Even though 3D printers aren’t exactly new technology anymore, they’re still pretty mind-blowing. The printer takes strands of plastic, melts them down, and creates any shape you can imagine (and design on your computer). Less surprising, perhaps, is the fact that many artists are embracing this technology as it has become cheaper and more readily available.
It’s not just sculptors who are using 3D printers; installation artists are using them to create large-scale plastic pieces and some are even using the technology to create objects made of metal and other materials. Portland-based sculptor and live theater production designer Michael Curry says 3D printing has changed the way he works, but hasn’t altered the final product. He creates large-scale puppets for shows like The Lion King on Broadway and Cirque du Soleil.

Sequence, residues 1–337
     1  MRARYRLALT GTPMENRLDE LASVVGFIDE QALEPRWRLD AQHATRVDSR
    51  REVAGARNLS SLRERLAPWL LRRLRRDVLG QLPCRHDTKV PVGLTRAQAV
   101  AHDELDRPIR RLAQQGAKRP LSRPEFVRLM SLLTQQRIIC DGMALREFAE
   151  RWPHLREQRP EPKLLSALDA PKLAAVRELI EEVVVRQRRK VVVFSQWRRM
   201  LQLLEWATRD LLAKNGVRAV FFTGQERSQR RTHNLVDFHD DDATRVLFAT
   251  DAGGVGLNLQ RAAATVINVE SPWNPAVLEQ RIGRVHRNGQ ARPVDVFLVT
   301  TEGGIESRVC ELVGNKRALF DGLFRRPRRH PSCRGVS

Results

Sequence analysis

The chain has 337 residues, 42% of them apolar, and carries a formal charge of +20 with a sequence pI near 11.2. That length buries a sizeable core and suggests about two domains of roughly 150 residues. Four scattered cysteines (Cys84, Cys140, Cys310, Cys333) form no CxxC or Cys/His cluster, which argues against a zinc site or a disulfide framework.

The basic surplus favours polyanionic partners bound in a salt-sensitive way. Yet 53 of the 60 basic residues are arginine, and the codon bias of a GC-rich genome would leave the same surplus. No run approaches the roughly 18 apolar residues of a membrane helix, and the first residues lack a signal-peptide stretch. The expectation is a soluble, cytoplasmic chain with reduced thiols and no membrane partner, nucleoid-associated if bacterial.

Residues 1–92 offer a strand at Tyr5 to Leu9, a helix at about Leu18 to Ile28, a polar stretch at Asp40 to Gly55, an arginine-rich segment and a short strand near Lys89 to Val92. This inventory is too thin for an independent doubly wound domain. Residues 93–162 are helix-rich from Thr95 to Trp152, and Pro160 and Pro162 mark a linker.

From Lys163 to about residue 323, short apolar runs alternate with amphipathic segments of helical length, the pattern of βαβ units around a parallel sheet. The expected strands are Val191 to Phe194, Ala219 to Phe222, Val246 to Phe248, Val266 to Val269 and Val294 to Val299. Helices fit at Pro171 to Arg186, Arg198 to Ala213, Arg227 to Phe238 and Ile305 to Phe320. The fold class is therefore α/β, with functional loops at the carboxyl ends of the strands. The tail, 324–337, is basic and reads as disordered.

Curry predicts 3D printers will soon become commonplace home appliances, but he’s quick to point out that the technology ultimately depends on human input. “It’s nothing more than a tool,” he says. “It doesn’t make art for us. We have to give it something great to start with.”
Are you an artist? Do you use a 3D printer? How has it changed your work flow? Does it change what you make?